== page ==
When Republicans held their 2008 national convention in Minneapolis, demonstrators ran through the streets smashing windows and dumping trash cans.

Similarly rowdy protests already are following presumptive presidential nominee Donald Trump wherever he goes – but will Cleveland, the site of this year’s convention and a city already reeling from racially charged police-shooting cases, be ready?

Steve Loomis, president of the Cleveland Police Patrolmen’s Association, says they’re not yet.

“I don’t think that we’re anywhere we need to be for it,” Loomis said.

He warned that 2,000 riot suits were ordered late. And cops were not measured until after the order was placed. Meanwhile, bikes for mounted patrols have not arrived -- and Loomis says there is not adequate time to train with the gear.

“You have to be proficient in being able to use this stuff and right now, we're not,” he said. “We don't even have gas masks at this point."

But City Councilman Matt Zone, chairman of the city’s public safety committee, pushed back – saying Loomis is just complaining because the job of police union boss is to demand more resources, pay and training.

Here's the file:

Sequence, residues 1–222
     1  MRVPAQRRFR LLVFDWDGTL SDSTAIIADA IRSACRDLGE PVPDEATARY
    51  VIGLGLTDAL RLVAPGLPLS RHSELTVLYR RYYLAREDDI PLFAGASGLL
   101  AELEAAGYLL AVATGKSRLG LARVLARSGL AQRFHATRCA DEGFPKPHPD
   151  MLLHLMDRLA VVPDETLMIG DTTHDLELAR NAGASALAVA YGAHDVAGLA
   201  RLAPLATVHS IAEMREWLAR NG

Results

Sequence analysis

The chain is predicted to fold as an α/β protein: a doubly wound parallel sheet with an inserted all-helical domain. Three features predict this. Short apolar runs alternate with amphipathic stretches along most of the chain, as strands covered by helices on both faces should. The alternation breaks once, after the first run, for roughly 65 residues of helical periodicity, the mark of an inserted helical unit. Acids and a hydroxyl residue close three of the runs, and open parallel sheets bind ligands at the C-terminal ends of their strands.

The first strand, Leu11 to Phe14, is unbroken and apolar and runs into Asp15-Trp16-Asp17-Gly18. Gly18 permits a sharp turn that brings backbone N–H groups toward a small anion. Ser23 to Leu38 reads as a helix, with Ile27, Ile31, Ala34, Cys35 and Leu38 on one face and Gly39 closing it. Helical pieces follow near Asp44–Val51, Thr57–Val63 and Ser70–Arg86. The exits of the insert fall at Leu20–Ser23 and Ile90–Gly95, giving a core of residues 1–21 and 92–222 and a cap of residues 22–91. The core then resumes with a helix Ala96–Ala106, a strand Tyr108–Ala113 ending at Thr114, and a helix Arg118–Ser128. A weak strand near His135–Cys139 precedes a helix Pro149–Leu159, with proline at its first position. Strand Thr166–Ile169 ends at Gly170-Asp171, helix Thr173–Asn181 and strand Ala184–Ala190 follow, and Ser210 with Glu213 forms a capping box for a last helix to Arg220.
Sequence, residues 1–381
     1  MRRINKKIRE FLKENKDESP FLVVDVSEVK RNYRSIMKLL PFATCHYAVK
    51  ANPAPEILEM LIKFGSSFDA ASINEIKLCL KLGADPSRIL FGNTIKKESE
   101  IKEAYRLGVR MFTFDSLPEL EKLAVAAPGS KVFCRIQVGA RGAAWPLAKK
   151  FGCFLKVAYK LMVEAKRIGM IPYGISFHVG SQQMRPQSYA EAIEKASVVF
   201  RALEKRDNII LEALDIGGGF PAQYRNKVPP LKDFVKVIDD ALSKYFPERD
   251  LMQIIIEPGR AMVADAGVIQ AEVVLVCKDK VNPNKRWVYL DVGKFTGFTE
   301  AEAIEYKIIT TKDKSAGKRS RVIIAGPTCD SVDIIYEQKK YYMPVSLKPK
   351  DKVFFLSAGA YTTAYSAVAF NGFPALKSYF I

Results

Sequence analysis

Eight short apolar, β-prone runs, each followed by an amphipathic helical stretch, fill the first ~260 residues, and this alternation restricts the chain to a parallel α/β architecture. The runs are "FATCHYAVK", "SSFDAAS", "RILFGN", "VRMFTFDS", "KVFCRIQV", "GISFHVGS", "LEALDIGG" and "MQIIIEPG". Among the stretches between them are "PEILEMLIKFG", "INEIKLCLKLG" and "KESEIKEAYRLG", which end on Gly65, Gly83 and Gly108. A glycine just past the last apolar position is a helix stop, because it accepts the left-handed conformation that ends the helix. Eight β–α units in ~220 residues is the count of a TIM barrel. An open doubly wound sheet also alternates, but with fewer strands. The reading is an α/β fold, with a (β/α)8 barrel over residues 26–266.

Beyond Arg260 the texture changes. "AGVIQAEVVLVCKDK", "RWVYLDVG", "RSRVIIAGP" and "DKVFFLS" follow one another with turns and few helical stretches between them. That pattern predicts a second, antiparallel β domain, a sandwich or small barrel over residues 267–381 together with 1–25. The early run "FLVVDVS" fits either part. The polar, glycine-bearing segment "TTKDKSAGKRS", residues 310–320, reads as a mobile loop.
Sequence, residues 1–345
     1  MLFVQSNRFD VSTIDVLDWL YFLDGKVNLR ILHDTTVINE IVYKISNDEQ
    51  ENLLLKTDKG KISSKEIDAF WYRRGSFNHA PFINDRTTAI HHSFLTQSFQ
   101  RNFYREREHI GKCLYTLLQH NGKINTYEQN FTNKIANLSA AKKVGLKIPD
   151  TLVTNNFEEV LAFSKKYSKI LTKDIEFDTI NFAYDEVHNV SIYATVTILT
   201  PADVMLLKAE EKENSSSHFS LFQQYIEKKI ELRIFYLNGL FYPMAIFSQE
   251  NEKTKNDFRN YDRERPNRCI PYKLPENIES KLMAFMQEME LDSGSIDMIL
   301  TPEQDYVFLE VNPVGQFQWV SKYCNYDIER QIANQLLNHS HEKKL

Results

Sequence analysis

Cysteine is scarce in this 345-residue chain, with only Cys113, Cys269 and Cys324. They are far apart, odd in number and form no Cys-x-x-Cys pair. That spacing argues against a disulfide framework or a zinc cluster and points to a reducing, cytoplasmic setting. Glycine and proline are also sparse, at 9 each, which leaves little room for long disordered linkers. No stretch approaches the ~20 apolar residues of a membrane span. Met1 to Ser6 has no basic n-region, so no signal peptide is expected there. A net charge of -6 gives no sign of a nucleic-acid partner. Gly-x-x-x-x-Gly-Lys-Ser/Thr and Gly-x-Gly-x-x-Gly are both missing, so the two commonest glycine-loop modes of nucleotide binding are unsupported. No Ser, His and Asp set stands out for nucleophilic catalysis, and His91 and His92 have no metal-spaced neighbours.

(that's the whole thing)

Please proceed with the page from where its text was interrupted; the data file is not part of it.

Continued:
"We've been practicing and exercising since the fall of last year,” Zone said.

He said they have had extensive preparation and coordination with the many law enforcement agencies that will converge in Cleveland in July. Much of that preparation has not yet filtered down to the rank-and-file officers.

“I believe at the end of the day, people are going to look back at this convention and say, job well done, Cleveland," he said.

Meanwhile, the local business community is watching and waiting.

Mike Rubin, who owns Prospect Music in downtown Cleveland, said he’d have more confidence with police preparations if there were better communication.

“They have not told us enough. I don’t know enough to be confident,” he said.

Dan Bir, the owner of Otto Moser’s restaurant in downtown, said city police protected businesses through demonstrations following the Michael Brelo and Tamir Rice police-shooting cases and their aftermath.

“They’ll do all right. We’ll be fine,” he said.

Rodney Monroe, former chief of the Charlotte-Mecklenburg Police Department who handled security for the Democratic convention in 2012, said the timing of the arrival of the gear is not terribly important. The training is.

“It’s important to have begun the training and started the training and hopefully, the equipment once it arrives, it can be deployed accordingly,” Monroe said.

There already are strong indications police will have their hands full during the convention.

An organization calling itself ‘Dump Trump’ has already applied for permits to march in Cleveland during the convention. A spokesman promises: if the permit is denied, they’ll march anyway.